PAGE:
We haven’t done a direct shootout, but we had no such complaints about the Honor View 10’s camera. The dual 16MP and secondary 20MP monochrome sensor produce very detailed colorful snaps. The OnePlus 6 and Xperia XA2 Ultra also hand in decent photography performances and are probably also better options if you’re an avid snapper.

  Motorola Moto Z3 OnePlus 6 Honor View 10 Sony Xperia XA2 Ultra BlackBerry Motion
Cameras Rear cameras
12MP main sensor with f/2.0 aperture, 1.25μm pixels
Phase-detect and laser autofocus, dual-LED flash

Front camera
8MP sensor with f/2.0 aperture, 1.12μm pixels

Rear cameras
Main: 16MP Sony IMX 519 sensor with 1.22μm pixels, OIS, EIS, ƒ/1.7 aperture
Secondary: 20MP Sony IMX 376K sensor with 1.0μm pixels, ƒ/1.7 aperture
Dual LED flash

Front camera: 16MP Sony IMX 371 sensor with 1.0μm pixels, EIS, ƒ/2.0 aperture

Rear cameras
Main sensor: 16 MP RGB, f/1.8 aperture
Secondary sensor: 20 MP monochrome, f/1.8 aperture

Front camera: 13 MP, f/2.0 aperture

Rear cameras
23 MP Exmor RS with f/2.3 aperture, hybrid AP, and 5x zoom

Front cameras
16 MP sensor with OIS and 8 MP with 120 wide-angle lens

Rear camera:
12 MP sensor, 1.55 μm pixel size, and f/2.0 aperture, phase detection autofocus

Front camera:
8 MP sensor, 1.12 μm pixel size, and f/2.2 aperture

Audio Front-facing speaker
USB Type-C
No 3.5mm jack
USB-C to 3.5mm adapter included
Bottom-firing speaker
3.5mm audio jack
Dirac HD Sound
Dirac Power Sound
aptX HD Bluetooth
Bottom-firing speaker
3.5mm audio jack
aptX HD Bluetooth
Bottom-firing speaker
3.5mm audio jack
aptX HD Bluetooth
Bottom-firing speaker
3.5mm audio jack
Charging 15W TurboCharger
USB Type-C
Dash Charge (5V 4A)
USB Type-C
SuperCharge (5V, 4A)
USB Type-C
Quick Charge 3.0
Qnovo Adaptive Charging
USB Type-C
Quick Charging 3.0
USB Type-C
IP Rating Splash-resistant p2i
No IP rating
No No No IP67 water and dust resistance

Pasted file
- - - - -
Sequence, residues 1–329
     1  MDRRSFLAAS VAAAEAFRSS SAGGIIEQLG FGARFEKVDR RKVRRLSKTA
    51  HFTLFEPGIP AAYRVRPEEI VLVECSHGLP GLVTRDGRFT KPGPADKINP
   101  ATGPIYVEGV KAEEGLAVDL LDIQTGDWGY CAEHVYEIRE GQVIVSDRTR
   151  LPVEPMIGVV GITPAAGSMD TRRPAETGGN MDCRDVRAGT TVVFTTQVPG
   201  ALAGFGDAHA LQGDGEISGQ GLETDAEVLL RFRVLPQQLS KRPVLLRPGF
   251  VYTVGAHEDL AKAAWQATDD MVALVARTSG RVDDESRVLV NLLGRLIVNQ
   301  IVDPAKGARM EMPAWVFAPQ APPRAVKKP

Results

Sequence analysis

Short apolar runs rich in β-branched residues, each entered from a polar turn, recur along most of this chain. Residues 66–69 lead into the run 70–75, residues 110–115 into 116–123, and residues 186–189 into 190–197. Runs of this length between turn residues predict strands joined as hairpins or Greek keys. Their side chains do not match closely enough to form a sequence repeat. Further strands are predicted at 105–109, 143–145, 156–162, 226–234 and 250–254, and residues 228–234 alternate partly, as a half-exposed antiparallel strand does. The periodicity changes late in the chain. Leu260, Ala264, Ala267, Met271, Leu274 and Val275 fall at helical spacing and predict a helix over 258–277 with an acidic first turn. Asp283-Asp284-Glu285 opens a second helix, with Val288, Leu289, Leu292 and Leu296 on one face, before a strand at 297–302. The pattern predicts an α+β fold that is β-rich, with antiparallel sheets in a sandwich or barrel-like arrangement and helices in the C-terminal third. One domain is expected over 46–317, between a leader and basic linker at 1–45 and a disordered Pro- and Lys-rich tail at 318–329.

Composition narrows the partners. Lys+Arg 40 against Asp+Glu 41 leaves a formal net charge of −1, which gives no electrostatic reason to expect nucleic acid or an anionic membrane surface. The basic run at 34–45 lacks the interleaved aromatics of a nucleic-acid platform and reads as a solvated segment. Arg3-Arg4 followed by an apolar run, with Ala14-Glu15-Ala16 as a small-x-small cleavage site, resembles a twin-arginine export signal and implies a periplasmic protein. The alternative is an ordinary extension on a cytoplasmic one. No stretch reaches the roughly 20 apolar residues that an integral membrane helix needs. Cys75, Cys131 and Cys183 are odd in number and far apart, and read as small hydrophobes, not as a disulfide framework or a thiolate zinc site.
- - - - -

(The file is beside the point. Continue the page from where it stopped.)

Software Android 8.1 Oreo Android 8.1 Oreo Android 8.0 Oreo Android 8.0 Oreo Android 7.1.1 Nougat

There’s no 3.5mm jack here, which is rather uncommon in this price range. You’ll have to rely on USB Type-C headphones or a dongle, and there’s no aptX codec for better quality Bluetooth headphones either. Audiophiles will certainly want any of the competitors on our list, most of which offer aptX HD for Bluetooth and a 3.5mm headphone jack.

IP ratings for water and dust resistance are rare in this bracket and the Moto Z3 is no exception, barring a small amount of “splash resistance.” If you want to take your phone for a dunk, the BlackBerry Motion or a Samsung Galaxy A8 are better options. In the fast charging department, Motorola’s 15W TurboCharge is about as nippy as Quick Charge 3.0, but OnePlus’ DashCharge and Huawei’s SuperCharge ill fill your phone up a bit faster.

Of course, the one extra unique feature Motorola’s handsets boast is Moto Mods. These bring extra battery capacity, better quality speakers, and the new 5G-ready antenna, though they will increase the total cost of the handset quite a bit.

Conclusion

The Motorola Moto Z3 is better than many of its rivals, but a bit too dated to keep up with the very best. The older processor was a very good choice to outpace many other phones, and the Full HD+ AMOLED display is ultra sharp. If you prioritize these features, the Moto Z3 might be right for you. Instead, it’s the handset’s dated design, battery capacity, and underwhelming audio and camera technologies that can’t keep pace. At this price point, there are now some exceptional handsets to live up to.

Compared with other smartphones around the $500 mark, the Moto Z3 is a tough sell. The $499 Honor View 10 matches or exceeds the Z3 in pretty much every respect. For an extra $30, the excellent OnePlus 6 is also within easy reach. Why settle for last year’s hardware when you can have this year’s?

If older processors don’t bother you then you can also snag the Essential Phone, LG G6, and probably even a discount Galaxy S8 from some retailers for around $500. Ultimately, this is probably why the company made such a fuss about its 5G accessory — the handset itself is a bit more humdrum.

Next: OnePlus 6 review: The new Nexus